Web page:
Writers Explore: Disposing of a dead body

In honour of NaNoWriMo, let’s take a look at one of those topics that writers tend to Google far too much – disposing of a dead body.

Let’s be honest, if anyone took a look at the search history of a writer – especially a crime or mystery writer – it would probably be quite disturbing. One of the things that fascinates us writers is how a character might try to get away with murder.

So in this post, and purely on a theoretical basis, let us look at how to get rid of that pesky surplus corpse.

Before we begin, I should point out that every solution can come with an additional set of problems which can spiral out of control. There is no such thing as a perfect murder but a story about attempting one could be really interesting. If you write that, please let me know – I want to read it.

Disposing of a dead body: Moving the corpse

First things first. Have you ever tried to move someone who has passed out drunk? They become unbelievably heavy. That’s what a dead body is like. Your first problem is moving it.

You’ve got a few options here.

  1. Dispose of the body right there (tricky)
  2. Ropes, winches, and pullies (fiddly)
  3. Ask someone to help you (risky)
  4. Cut up the body (messy)
  5. Don’t kill anyone to start with (too late)

Whichever option your character goes for is going to leave trace evidence all over the show. However, your character has already got a body so there is no turning back now.

Disposing of a dead body right there

Oh boy, this is all sorts of problems. Dead bodies are basically a huge unprocessed sack of meat and other less pleasant things. They are going to smell bad after a short amount of time. The hotter, the faster that bad smell is going to show up.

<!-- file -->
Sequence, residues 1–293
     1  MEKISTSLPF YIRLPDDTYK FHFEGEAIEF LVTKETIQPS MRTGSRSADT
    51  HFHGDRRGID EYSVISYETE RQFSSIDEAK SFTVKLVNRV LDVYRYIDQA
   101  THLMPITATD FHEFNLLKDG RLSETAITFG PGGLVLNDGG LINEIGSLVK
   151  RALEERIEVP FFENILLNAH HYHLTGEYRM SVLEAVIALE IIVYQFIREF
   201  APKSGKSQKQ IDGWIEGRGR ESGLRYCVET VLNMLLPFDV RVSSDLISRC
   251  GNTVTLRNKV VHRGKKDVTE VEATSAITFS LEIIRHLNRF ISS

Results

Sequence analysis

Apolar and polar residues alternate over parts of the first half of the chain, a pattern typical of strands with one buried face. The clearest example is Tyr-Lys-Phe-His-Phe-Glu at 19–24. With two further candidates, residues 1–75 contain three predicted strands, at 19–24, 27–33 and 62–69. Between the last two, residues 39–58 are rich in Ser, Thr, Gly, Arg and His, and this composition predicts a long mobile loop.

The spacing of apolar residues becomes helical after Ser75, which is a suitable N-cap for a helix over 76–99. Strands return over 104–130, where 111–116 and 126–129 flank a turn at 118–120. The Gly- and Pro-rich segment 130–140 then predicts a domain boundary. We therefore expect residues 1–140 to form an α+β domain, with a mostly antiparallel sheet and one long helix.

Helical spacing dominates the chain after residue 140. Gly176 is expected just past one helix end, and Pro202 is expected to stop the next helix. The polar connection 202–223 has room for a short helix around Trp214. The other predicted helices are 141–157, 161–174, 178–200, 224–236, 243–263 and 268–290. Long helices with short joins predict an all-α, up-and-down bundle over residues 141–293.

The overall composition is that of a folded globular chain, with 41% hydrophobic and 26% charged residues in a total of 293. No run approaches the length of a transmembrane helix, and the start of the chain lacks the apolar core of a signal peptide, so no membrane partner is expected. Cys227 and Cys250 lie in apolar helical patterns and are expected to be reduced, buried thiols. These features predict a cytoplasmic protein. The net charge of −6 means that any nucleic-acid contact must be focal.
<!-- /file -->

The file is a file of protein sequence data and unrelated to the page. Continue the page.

Talking of showing up. Flies and other bugs are going to be attracted to the smell pretty soon. If you have ever watched Bones (or similar shows), then I am sure you have a lot of ideas about flesh-eating insects. However, mostly we are talking flies and maggots.

If “right here” happens to be the middle of a woods then you have probably been planning this for a while (you scary person). If the site of death is suitable for disposal then skip the moving stage and move on to a whole other set of problems.

Before you move on, remember that anyone might have known that the victim was heading to the site. Their phone may have GPS so their movements might have been tracked. They might have said something to someone. They might have dropped something on the way.

The fact is that you (or your character) might never catch all the clues and clean them up.

Disposing of a dead body with ropes and pullies

In terms of moving heavy things, some good climbing gear could be a huge help. You can, on your own, move the heavy sack of dead meat that is the victim in your story (this is still theoretical, right). However, you may leave trace rope fibres, cause most-death damage to the corpse, and/or leave trace evidence at the scene of the death. Also, you will have (possibly expensive) kit left over that was used in a serious crime. You will need to get rid of this afterwards too.

In this video, the basics of lifting a body (yourself or another) using ropes and pullies are explained.

Disposing of a dead body with an accomplice

This is another approach you could take. However, having an assistant means having a witness that could turn on you. If your character is of a particularly evil nature, they could always kill the accomplice at the disposal site and double their workload.

Two people moving about the crime scene substantially increases the chances that someone is going to leave a clue behind.

Disposing of a dead body in bite-sized chunks

If you choose to cut up the body Dexter style then there is a serious clean up going to be needed. Cutting is not much use if you are trying to minimise the trace evidence that’s going to show up on your character and the crime scene.

You could try plastic sheeting but it comes with its own problems. Dexter, if you have read the book or seen the show, had a legitimate reason for obtaining and using plastic sheeting but your character might not have a good cover story.

You could try strong bleach for cleaning the crime scene. However, obtaining industrious quantities of bleach just after a murder might raise suspicions.

Disposing of the actual body

One way or another you have moved the dead body to a new location. This probably involved a car, some really big backpacks, or some other form of transport. Assuming that no one saw you and the police are not already asking you to “come along peacefully”, what now?